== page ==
Communication in the language lesson. Linguistic and non-linguistic communication
Communication abilities at a very early stage are one of the primary aims of foreign language teaching.
Modern approaches to communication do not include only linguistic production but gesture, behaviour, mime and other aspects occurring in first language communication.
The communicative use of the visual and tactile modes in their non-linguistic aspects is referred as “non-verbal” communication or “body language”.
Communication means to say something to someone with a communicative purpose and in an appropriate way.
2. COMMUNICATION IN THE CLASSROOM
The main aims in language teaching are:
· Using oral and writing language in classroom actions.
· Using idioms and sentences (congratulations, greetings,…)
· Using extralinguistic strategies (gesture, body language,…)
And these are the contents:
· Conceptual (linguistic): identifying, greeting, describing, asking, expressing needs and emotions, quantify, object location, requesting, denying, offering,…
· Procedures (non-linguistic): acting, doing what they are commanded (total Physical Response)
· Socio-cultural: knowing games, sports and traditional songs in that language.
The learner gets a social and linguistic development:
· Gets an internal linguistic consciousness
· Takes part in a social interaction
· Gets a cultural knowledge of that society and their habits, and also a way to science, technology and international relations
· Gets practice in everyday activities
Learners can understand much more that they can speak, so current language ca be used in the classroom.
3. COMMUNICATIVE LEARNING AND TEACHING ACTIVITIES
There is almost an unlimited range of activities within the communicative approach (information sharing, negotiation of meaning and interaction)
Most communicative techniques operate by providing information and holding it from the others, creating an information gap.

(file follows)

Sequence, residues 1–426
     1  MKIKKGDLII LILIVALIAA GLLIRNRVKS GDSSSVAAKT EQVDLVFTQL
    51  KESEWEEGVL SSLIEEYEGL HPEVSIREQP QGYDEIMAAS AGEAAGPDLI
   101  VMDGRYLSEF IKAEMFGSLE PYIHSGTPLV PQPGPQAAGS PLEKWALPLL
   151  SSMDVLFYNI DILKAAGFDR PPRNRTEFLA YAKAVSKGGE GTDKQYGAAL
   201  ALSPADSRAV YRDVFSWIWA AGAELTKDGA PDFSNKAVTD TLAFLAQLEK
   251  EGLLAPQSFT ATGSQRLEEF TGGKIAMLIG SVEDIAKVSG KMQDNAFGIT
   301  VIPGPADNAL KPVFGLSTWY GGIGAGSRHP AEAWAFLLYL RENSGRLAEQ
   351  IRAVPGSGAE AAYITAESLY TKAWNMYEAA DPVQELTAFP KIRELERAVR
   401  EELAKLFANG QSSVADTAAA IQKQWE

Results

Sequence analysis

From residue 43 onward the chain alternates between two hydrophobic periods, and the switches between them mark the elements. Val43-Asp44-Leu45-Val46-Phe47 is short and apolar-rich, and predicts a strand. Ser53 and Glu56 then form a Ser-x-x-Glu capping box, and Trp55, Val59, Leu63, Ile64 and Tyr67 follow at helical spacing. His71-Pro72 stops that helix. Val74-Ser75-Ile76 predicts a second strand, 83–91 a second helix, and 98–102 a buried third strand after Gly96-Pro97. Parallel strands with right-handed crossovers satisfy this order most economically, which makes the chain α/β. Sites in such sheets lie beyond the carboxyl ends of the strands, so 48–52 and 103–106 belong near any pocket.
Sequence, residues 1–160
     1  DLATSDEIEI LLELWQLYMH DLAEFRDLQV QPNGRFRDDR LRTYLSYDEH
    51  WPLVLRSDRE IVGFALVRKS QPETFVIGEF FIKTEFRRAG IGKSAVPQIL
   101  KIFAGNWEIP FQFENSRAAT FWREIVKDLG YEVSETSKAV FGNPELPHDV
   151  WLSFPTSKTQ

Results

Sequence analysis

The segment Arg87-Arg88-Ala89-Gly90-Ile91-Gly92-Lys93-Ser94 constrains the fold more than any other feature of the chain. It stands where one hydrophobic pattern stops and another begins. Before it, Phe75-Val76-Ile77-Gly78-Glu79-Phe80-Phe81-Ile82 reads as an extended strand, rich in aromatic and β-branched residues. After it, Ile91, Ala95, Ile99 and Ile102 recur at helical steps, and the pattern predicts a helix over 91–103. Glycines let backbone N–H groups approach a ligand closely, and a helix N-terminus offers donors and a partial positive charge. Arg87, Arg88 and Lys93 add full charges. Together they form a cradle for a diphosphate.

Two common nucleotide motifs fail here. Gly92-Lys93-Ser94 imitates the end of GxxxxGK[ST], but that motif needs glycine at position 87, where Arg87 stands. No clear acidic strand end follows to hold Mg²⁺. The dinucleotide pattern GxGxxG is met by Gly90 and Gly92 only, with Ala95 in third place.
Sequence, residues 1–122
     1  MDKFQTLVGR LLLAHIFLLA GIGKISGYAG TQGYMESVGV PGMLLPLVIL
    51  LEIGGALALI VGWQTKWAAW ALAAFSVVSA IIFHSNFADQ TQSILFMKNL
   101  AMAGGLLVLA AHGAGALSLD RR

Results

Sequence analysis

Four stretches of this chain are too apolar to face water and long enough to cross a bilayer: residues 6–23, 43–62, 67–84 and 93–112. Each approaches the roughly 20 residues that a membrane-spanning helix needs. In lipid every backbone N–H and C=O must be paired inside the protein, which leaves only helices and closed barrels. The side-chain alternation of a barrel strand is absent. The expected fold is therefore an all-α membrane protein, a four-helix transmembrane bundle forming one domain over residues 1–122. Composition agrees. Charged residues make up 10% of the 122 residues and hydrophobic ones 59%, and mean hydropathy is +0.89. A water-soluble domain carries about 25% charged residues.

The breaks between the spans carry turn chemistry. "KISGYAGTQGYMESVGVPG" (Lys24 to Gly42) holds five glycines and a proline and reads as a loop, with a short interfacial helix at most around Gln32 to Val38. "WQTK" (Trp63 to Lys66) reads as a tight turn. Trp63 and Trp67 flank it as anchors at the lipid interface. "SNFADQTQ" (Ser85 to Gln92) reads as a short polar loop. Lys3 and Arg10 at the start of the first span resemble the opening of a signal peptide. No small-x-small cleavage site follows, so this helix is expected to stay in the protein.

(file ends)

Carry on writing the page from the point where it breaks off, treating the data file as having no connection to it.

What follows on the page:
Every communicative activity has these characteristics:
· A desire to communicate
· A communicative form
· A variety of contents and language
The teacher’s role must be to facilitate the communication process and be involved as a participant within the group, analysing needs, counselling, managing the process and organising resources.
Learners must interact within the group. Successful communication can only be achieved through group interaction.
4. NON-VERBAL COMMUNICATION
The communicative event is not based on the verbal component only. It also implies paralinguistic devices such as gesture, facial expression, body language, sight. They are information and emotional sources.
These non-verbal acts are culturally related. Different cultures may use different gestures (hand using, head movement, …e.g.: nodding in Hungary is opposite to everywhere else)
There is also the silent language like the physical distance maintained between individuals, the sense of time appropriate for communication under different conditions… The sight directs very well communication. If we do not like someone we put our eyes away, insecurity makes eyes go down or if we are very interested our eyes are widely open to make the speaker go on.